The National Catholic Review

Dear mother, I would like to clear up some things
about how you met my father because, let’s face it,
you don’t talk about it much. Perhaps I never asked,
but I’m asking now, so stop me if I’m wrong:

you met in a diner, and some weeks later, at a sock hop, I believe,
you danced with him, a slow bluesy number
performed by the school’s jazz band. I have always imagined
"Take the A Train" as the soundtrack to your young love,
but this detail most likely reveals more about my tastes
in big band numbers than it does about the night in question.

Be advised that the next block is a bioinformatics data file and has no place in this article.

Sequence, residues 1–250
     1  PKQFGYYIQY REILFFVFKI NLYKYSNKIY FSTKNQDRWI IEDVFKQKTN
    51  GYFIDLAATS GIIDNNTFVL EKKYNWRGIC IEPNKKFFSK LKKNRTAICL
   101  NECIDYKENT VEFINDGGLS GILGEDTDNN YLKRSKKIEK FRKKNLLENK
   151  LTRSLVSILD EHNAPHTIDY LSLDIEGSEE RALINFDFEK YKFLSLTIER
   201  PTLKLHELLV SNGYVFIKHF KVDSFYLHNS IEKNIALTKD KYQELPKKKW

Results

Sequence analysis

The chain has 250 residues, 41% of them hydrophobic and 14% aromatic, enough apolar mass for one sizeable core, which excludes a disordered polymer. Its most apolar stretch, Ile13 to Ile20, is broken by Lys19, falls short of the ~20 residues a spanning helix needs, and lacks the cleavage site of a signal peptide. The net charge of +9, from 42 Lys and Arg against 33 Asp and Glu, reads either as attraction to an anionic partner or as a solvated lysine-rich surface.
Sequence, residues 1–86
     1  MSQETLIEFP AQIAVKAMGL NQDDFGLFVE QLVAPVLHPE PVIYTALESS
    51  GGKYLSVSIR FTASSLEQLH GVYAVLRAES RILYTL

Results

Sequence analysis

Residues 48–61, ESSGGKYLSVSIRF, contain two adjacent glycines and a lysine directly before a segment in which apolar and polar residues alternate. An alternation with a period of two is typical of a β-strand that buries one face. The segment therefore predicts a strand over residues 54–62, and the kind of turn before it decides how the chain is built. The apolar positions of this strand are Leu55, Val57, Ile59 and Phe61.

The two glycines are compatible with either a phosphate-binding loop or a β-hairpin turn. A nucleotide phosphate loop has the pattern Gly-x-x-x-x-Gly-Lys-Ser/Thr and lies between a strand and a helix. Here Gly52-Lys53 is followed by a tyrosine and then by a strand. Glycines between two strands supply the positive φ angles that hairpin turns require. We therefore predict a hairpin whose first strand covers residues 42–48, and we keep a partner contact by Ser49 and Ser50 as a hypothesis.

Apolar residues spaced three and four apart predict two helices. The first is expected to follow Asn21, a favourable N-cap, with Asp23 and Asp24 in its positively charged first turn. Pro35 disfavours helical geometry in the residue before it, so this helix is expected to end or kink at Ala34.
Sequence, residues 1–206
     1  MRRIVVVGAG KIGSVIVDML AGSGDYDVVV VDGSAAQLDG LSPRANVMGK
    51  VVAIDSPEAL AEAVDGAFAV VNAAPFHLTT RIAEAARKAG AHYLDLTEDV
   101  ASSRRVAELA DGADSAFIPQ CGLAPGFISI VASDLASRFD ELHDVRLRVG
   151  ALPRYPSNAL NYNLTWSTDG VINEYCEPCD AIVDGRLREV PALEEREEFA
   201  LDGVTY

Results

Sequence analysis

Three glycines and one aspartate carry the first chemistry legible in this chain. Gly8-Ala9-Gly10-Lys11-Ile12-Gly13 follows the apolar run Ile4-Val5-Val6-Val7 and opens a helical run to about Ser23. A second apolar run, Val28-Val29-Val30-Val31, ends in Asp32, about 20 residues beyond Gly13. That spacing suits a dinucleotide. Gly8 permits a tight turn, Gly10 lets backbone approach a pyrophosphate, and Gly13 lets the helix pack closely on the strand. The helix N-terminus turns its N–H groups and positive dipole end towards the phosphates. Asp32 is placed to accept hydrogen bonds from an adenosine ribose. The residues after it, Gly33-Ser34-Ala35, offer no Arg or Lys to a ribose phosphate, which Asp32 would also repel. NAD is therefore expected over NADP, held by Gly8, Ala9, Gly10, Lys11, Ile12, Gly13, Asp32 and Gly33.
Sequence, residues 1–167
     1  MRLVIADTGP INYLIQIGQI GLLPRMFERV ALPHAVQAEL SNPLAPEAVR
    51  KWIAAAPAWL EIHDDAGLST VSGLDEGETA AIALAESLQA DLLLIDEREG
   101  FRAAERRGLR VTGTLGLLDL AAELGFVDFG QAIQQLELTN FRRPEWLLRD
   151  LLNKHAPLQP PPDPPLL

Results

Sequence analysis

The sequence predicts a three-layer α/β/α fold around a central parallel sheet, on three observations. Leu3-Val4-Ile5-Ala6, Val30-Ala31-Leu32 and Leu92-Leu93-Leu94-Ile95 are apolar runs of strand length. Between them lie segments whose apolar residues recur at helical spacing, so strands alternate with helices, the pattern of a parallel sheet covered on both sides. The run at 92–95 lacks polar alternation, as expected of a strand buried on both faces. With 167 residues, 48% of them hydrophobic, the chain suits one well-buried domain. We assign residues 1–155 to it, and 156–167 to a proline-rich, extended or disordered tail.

When the music stopped, he brought you a cup of punch then sat
with you outside as stars sugared themselves across the sky.
Later, he took you home, careful your pleated skirt was inside
the car before shutting the door. While driving, he told you

he’d have his own store someday, and when he thought he was talking
too much, he turned on the radio and sat quietly,
his hand on your shoulder, soft as a leaf. And that is where
my second-hand memory ends, as perhaps it should,
with you in a car, your hands folded into your lap,
my father listening carefully as you offered directions home.

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